Becoming a parent required Courtney to learn how to hold on tighter to the parts of her identity she values most. In her latest femail, Courtney maps out her first days and months with her daughter in order to share the experience with a friend who had just given birth and was working through some of the same challenges of motherhood.
I’m so glad you reached out a few days ago and I am more than happy to share my thoughts on how to continue having the experiences you had with your husband before ___ was born, just differently. I just want to put it out there that you will be able to adventure again, and probably soon, since good weather is coming and your little lady is getting stronger every day.
I believe holding on to your identity while parenting is all about staying true to your values and priorities. Because Sheikh and I had so little extra time after our daughter was born, it was really important for us to take stock of what we cared about most, respectively and as a couple, and then make sure we devoted time and energy to these. I used a psychotherapist to help with this. As an advocate of preventative care, I believe people should see a psychotherapist in the same way we see physicians and dentists, so I recommend this if you haven’t gone in that direction yet. Mine offered me an objective voice, sharp insights, and valuable tools I now use to be better to myself, my partner, and our little lady.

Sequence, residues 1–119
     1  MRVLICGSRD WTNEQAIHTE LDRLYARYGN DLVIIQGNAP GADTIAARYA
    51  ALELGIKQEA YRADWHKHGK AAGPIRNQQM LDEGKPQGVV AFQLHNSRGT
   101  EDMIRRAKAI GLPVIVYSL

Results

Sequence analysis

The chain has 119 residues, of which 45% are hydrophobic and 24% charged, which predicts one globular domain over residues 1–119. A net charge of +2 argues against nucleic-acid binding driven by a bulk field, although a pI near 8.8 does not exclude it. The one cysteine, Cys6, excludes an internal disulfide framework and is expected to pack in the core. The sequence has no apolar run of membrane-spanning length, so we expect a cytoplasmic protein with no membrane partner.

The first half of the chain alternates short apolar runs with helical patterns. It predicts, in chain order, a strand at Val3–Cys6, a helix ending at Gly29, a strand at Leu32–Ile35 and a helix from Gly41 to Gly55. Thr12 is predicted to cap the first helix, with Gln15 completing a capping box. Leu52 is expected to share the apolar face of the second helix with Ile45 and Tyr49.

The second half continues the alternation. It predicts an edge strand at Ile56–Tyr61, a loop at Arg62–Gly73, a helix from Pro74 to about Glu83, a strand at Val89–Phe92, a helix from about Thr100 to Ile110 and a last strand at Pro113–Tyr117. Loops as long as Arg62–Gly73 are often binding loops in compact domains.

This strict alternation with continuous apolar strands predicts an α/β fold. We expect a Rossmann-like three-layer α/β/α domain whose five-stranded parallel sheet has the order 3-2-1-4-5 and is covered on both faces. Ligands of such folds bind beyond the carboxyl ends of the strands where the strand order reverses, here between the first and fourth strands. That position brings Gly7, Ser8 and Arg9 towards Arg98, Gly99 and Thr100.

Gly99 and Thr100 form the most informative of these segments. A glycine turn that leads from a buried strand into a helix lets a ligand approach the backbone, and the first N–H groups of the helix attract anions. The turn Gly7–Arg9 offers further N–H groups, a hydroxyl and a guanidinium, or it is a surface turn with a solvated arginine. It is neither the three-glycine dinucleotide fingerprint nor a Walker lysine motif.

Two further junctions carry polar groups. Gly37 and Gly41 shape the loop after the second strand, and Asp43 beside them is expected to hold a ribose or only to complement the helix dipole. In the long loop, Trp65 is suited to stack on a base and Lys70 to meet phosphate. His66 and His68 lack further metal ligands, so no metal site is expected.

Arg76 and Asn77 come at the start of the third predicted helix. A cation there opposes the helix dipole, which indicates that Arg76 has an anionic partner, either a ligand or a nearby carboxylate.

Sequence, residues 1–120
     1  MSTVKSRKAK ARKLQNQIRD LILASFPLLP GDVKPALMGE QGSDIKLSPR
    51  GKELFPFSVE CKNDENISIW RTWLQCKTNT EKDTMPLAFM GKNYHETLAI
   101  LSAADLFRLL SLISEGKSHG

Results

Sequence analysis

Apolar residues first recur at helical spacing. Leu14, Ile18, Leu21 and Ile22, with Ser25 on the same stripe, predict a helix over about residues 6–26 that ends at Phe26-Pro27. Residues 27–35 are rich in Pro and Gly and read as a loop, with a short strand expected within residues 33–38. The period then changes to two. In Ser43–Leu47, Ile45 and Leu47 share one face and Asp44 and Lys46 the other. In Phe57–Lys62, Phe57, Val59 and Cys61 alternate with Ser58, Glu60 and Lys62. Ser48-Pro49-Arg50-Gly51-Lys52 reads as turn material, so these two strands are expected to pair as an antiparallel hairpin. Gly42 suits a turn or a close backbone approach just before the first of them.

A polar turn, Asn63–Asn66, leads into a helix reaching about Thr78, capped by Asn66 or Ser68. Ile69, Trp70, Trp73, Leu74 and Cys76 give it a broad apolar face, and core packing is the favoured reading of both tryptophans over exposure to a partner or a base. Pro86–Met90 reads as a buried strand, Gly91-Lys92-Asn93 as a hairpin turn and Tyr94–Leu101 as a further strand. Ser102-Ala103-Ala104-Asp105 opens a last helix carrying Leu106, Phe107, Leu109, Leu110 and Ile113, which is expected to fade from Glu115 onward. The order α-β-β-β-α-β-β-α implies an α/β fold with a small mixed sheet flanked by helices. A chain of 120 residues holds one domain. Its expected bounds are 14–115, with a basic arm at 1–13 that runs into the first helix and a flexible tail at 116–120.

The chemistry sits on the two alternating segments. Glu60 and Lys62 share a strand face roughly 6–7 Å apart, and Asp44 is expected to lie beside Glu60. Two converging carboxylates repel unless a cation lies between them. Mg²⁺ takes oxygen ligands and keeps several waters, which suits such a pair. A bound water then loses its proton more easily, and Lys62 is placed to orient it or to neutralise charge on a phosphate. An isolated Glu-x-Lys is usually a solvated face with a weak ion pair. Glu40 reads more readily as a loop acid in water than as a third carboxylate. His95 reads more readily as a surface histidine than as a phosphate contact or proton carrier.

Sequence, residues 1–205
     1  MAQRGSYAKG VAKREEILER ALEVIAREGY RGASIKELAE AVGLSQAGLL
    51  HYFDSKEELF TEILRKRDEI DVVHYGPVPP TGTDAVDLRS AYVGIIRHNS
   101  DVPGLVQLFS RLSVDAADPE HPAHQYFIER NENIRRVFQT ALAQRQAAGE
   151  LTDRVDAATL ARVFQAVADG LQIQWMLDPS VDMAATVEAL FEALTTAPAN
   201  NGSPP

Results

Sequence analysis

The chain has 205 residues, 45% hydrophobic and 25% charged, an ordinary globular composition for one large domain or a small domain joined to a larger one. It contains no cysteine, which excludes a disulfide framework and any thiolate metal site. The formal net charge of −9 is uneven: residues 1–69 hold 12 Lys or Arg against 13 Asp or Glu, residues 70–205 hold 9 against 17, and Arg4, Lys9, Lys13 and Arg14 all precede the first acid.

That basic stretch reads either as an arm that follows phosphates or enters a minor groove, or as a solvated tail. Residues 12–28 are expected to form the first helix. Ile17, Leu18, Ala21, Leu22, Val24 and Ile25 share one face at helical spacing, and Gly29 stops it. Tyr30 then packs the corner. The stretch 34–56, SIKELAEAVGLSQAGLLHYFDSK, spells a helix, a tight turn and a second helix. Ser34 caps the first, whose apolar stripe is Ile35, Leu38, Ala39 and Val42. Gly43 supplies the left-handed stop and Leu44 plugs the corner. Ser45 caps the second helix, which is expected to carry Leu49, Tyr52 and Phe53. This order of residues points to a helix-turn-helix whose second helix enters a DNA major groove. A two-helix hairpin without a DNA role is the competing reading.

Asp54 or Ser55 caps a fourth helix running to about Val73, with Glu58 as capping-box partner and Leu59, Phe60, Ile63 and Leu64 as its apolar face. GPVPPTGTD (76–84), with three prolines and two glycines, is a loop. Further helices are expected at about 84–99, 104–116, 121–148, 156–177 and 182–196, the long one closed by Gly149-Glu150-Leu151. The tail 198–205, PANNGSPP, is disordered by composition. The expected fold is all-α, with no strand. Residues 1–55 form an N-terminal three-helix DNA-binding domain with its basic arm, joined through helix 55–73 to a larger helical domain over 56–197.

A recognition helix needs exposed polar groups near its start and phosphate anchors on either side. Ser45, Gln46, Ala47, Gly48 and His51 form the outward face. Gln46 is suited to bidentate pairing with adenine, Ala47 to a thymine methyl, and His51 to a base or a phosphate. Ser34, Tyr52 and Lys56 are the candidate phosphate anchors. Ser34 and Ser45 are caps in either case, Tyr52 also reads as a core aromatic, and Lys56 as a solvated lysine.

Before you go on a two-week backpacking trip, you will probably start with smaller adventures as you get used to ___’s needs and try to balance them with your own. Mimi was born in early November. I had a c-section, so we were stuck indoors a lot due to winter and my recovery. Even so, Sheikh and I really value being outside, so we braved the cold and tried to go for a walk every day, at least around the block. We didn’t always hit daylight, but at least we moved our bodies. We also needed a sense of normalcy, so we took Mimi out to eat when we could. Of course, every little excursion took time – we would try to go to brunch and often end up at happy hours. Regardless, it felt good to put ourselves in a social space.